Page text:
Tuesday, June 23, 2009

10 Years Gone By

I had my 10 year high school reunion last Saturday - I was nervous to go, but once I got there had a lot of fun. I remember in high school I always felt insecure. I can definitely say I have grown past that in the last 10 years.
Amelia stayed home with John and they had a good weekend. She didn't really want to nap for her daddy, but was in good spirits all weekend! It was hard being away from her - John told me that "I was calling too much", which I do not think it possible when a mother leaves her 6 month old for two days!!
I got to hang out with my best friend Natalie (Sassy) and got to hang out with my best friend from middle school, Bethany. We had so much fun, it was ridiculous!!
At the reunion, we received a CD with songs from 1999, so on my way home I listened to it. I was jamming to songs like "All Star" by Smashmouth and "What's My Age Again" by Blink 182....then came the last, unlisted song. It was "Everybody's Free (to Wear Sunscreen)". Needless to say I couldn't help from BAWLING while I listened to the song. I remember how my mom used to say "listen to the words of this song" and I would say "whatever mom" and think the song was stupid. But, 10 years later, it's amazing how real the lyrics are. We are all insecure, we all get jealous, we are all scared of something - but why? As he says "the race is long and in the end it's only with ourselves". What I thought was important 10 years ago is no longer important - money, career, "things"....these were all important to me back in 1999. Now, what's important is being a great mom, wife, daughter, sister, friend. Nothing is more important than the health of my daughter and my family. I have said many times that I would give up all of my "material" things to have my daughter healthy and to take away her heart defect.
So, below are the lyrics to "Everybody's Free (to Wear Sunscreen)". It's so much more than just words. I've highlighted my favorite statements.

Ladies and Gentlemen of the class of '99... wear sunscreen.

If I could offer you only one tip for the future, sunscreen would be IT.

The long term benefits of sunscreen have been proved by scientists whereas the rest of my advice has no basis more reliable than my own meandering experience.

I will dispense this advice now.

Enjoy the power and beauty of your youth. Never mind. You will not understand the power and beauty of your youth until they have faded. But trust me, in 20 years you'll look back at photos of yourself and recall in a way you can't grasp now how much possibility lay before you and how fabulous you really looked.

You are NOT as fat as you imagine.

Don't worry about the future; or worry, but know that worrying is as effective as trying to solve an algebra equation by chewing bubblegum. The real troubles in your life are apt to be things that never crossed your worried mind; the kind that blindside you at 4pm on some idle Tuesday.

Do one thing every day that scares you.


Don't be reckless with other people's hearts, don't put up with people who are reckless with yours.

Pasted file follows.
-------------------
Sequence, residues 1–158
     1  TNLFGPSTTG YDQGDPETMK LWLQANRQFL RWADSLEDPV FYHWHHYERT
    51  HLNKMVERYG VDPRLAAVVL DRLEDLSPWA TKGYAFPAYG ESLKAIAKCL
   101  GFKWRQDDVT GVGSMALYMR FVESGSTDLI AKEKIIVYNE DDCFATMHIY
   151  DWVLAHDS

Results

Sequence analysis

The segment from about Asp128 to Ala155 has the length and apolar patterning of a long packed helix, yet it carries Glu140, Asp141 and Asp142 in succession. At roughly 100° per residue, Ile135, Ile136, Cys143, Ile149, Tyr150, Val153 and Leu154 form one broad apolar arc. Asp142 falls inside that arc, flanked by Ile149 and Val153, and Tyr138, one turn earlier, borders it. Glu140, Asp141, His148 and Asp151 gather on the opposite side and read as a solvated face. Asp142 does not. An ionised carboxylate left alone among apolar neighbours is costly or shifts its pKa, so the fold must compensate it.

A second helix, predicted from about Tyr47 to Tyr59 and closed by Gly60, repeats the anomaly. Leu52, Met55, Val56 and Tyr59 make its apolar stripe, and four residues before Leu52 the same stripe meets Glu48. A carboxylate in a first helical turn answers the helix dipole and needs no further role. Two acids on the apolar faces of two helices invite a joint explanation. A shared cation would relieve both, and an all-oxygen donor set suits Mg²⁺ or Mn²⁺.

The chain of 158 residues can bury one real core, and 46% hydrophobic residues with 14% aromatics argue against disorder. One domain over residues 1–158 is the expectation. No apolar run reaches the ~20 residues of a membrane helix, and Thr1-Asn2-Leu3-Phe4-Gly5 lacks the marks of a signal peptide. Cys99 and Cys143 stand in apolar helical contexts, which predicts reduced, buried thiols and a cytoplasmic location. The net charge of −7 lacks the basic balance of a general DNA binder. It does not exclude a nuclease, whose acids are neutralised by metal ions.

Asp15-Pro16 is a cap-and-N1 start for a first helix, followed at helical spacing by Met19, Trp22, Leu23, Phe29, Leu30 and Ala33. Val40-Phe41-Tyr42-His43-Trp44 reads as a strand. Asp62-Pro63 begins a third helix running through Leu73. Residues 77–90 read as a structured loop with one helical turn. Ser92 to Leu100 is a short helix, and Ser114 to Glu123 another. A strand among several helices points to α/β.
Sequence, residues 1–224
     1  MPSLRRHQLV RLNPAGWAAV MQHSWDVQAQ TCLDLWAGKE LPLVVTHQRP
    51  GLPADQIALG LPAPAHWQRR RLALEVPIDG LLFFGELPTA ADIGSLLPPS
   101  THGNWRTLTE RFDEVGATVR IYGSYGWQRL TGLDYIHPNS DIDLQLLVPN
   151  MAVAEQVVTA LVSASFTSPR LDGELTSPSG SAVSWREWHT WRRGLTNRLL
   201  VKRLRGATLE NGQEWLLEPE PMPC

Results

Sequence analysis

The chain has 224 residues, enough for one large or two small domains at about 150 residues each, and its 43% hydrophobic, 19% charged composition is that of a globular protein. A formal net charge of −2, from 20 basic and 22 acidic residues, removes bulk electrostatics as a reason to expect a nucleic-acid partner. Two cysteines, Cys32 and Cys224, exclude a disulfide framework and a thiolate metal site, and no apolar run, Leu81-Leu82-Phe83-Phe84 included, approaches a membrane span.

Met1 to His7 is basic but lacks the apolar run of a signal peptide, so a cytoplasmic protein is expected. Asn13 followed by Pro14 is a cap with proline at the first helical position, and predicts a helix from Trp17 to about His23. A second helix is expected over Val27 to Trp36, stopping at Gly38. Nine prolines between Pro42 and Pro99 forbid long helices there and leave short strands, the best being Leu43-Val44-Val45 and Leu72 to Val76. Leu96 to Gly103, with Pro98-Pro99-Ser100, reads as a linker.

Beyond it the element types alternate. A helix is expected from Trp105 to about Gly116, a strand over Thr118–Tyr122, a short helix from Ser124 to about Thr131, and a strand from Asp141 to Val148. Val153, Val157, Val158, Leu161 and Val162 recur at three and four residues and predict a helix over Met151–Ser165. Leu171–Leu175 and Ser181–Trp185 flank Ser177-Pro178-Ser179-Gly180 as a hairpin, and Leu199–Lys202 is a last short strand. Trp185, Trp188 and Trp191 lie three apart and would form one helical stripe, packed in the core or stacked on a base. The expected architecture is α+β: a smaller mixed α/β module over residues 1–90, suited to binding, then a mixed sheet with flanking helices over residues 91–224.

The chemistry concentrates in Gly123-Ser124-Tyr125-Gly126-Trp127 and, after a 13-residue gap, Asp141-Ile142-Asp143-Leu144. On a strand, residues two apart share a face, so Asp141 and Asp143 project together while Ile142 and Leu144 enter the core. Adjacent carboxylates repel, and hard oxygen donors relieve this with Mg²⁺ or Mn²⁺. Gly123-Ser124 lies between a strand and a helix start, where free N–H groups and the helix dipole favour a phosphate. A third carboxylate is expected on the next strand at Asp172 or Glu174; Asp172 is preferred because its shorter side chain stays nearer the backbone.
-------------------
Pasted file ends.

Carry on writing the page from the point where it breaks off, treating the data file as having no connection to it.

Don't waste your time on jealousy; sometimes you're ahead, sometimes you're behind. The race is long, and in the end, it's only with yourself.

Remember compliments you receive, forget the insults; if you succeed in doing this, tell me how.

Keep your old love letters, throw away your old bank statements.


Don't feel guilty if you don't know what you want to do with your life. The most interesting people I know didn't know at 22 what they wanted to do with their lives, some of the most interesting 40 year olds I know still don't.

Get plenty of calcium.

Be kind to your knees, you'll miss them when they're gone.

Maybe you'll marry, maybe you won't, maybe you'll have children, maybe you won't, maybe you'll divorce at 40, maybe you'll dance the funky chicken on your 75th wedding anniversary. Whatever you do, don't congratulate yourself too much or berate yourself, either. Your choices are half chance, so are everybody else's. Enjoy your body, use it every way you can. Don't be afraid of it, or what other people think of it, it's the greatest instrument you'll ever own.

Dance. Even if you have nowhere to do it but in your own living room.

Read the directions, even if you don't follow them.

Do NOT read beauty magazines, they will only make you feel ugly.

Get to know your parents, you never know when they'll be gone for good.

Be nice to your siblings; they are your best link to your past and the people most likely to stick with you in the future.

Understand that friends come and go, but for the precious few you should hold on. Work hard to bridge the gaps in geography in lifestyle because the older you get, the more you need the people you knew when you were young.

Live in New York City once, but leave before it makes you hard; live in Northern California once, but leave before it makes you soft.


Accept certain inalienable truths, prices will rise, politicians will philander, you too will get old, and when you do you'll fantasize that when you were young prices were reasonable, politicians were noble and children respected their elders.

Respect your elders.

Don't expect anyone else to support you. Maybe you have a trust fund, maybe you'll have a wealthy spouse; but you never know when either one might run out.

Don't mess too much with your hair, or by the time you're 40, it will look 85.

Be careful whose advice you buy, but, be patient with those who supply it. Advice is a form of nostalgia, dispensing it is a way of fishing the past from the disposal, wiping it off, painting over the ugly parts and recycling it for more than it's worth.

But trust me on the sunscreen.


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